Join the serenading of Adela Pankhurst

Adela Pankhurst, the daughter of British suffragette Emily Pankhurst, was a key anti-war activist with the Women’s Peace Army and the Victorian Socialist Party.
December 1, 2017

Serenading Adela: A Street Opera is a major new community theatre event now in rehearsal.

It celebrates a colourful protest on January 7, 1918, when, on a hot summer night during World War I, supporters of British-born suffragette and anti-war militant Adela Pankhurst gathered outside the bluestone walls of the Women’s Prison at Pentridge in the Melbourne suburb of Coburg.

Initially about 50 people “understood to be socialists, and a majority of them women”, gathered to “serenade” Adela. “Solidarity Forever” and “The Red Flag” were sung. The crowd cheered and coo-eed, and let off coloured lights.

Word spread, and the crowd quickly swelled to 300 shortly after 9pm. After police arrested two people, the singers moved to a house opposite the police station where “for nearly two hours sounds of vocal revelry by night disturbed the calm”.

Adela Pankhurst had been jailed for her energetic anti-war campaigning. The federal government had tough penalties for opposing the war. The population was divided by the war, conscription, increasing poverty, high food prices and the Great Strike of 1917.

Women leaders were prominent in working-class unrest. Many were jailed for anti-war activity, including Industrial Workers of the World members in Sydney and John Curtin (later Prime Minister) in Melbourne.

Pankhurst came from a British suffragette family, moving to Australia after tensions grew with her family: her mother Emmaline and sister Christobel believed their focus should be on women’s suffrage alone, while Adela believed in fighting for socialism.

In 1914, Emmaline gave her a one-way ticket to Melbourne and an introduction to Vida Goldstein. Pankhurst became a key anti-war activist with the Women’s Peace Army and the Victorian Socialist Party.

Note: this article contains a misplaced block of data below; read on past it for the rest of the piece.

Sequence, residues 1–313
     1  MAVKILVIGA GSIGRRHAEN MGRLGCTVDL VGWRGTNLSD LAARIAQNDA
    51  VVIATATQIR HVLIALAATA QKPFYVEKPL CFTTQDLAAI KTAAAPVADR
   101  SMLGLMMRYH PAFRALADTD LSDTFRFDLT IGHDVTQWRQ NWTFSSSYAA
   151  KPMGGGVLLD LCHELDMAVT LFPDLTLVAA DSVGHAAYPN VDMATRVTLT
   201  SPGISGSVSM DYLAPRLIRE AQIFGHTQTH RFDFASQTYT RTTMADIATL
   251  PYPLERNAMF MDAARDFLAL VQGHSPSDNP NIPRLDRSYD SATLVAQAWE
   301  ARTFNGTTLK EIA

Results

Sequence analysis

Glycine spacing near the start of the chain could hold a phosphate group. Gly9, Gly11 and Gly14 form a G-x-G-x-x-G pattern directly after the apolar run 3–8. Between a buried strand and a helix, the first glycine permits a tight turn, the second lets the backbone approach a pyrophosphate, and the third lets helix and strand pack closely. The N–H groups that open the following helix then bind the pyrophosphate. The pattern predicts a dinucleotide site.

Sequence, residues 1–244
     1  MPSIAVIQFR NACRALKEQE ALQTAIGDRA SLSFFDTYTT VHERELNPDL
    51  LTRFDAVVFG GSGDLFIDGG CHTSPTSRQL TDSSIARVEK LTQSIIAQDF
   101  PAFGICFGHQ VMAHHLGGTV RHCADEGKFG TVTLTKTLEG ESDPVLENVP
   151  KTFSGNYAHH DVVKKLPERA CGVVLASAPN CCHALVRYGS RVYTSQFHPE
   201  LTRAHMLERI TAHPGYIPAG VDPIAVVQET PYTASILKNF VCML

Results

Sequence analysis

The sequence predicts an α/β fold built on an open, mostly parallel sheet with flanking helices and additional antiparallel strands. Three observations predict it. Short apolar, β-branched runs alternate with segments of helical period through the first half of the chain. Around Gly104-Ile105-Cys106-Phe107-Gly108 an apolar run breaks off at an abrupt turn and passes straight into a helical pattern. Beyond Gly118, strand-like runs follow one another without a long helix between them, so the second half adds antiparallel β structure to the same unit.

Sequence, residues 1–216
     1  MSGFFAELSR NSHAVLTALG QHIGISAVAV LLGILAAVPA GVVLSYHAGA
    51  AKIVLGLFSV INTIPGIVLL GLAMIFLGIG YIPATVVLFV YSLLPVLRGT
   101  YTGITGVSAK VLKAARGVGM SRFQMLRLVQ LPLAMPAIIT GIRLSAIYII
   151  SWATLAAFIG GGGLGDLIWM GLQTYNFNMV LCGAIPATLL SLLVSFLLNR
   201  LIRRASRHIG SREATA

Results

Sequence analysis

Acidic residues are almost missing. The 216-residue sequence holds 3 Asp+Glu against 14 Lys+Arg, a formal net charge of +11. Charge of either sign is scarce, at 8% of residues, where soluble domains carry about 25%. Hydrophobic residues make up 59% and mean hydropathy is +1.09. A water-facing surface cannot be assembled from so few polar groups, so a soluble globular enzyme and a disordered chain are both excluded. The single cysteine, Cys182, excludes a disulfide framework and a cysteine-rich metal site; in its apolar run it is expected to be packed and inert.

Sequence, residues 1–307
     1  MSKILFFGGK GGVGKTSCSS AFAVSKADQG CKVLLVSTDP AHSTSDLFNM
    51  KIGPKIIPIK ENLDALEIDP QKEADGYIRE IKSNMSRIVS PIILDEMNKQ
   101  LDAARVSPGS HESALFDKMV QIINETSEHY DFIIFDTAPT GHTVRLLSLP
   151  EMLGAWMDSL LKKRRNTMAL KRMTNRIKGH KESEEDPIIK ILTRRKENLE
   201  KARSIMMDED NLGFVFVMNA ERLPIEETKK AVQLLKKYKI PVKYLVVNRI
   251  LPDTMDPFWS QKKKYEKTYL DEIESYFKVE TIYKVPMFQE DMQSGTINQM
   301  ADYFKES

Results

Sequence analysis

One undercover police officer assigned to spy on her noted: “I have seldom heard a speaker who held such sway over her audience.”

Serenading Adela: A Street Opera brings together singer Lisa-Maree Parker (as Adela); a choir of about 60 people accompanied by accordionist Dave Evans and a street band (led by Miranda Hill, from the Riff Raff Marching Band). They will be joined by an Unruly Mob, playing the crowd, who should swell the numbers to 100 or more.

The “Street Opera” is being written and directed by artistic director Jeannie Marsh, well-known for her work with community choirs and progressive music theatre events. It tells the story by weaving together the songs that were sung on the famous night, peace songs from the time, and new works. For the finale, Marsh has set to music Doris Blackburn’s “Peace Hymn”.

Anyone wishing to join the Unruly Mob are urged to register, with rehearsals starting in December.

[Inquiries and registrations welcome. Email serenadingadela@gmail.com or call 0490 182 041. More information including rehearsal details: https://brunswickcoburganticonscription.wordpress.com.] 

 

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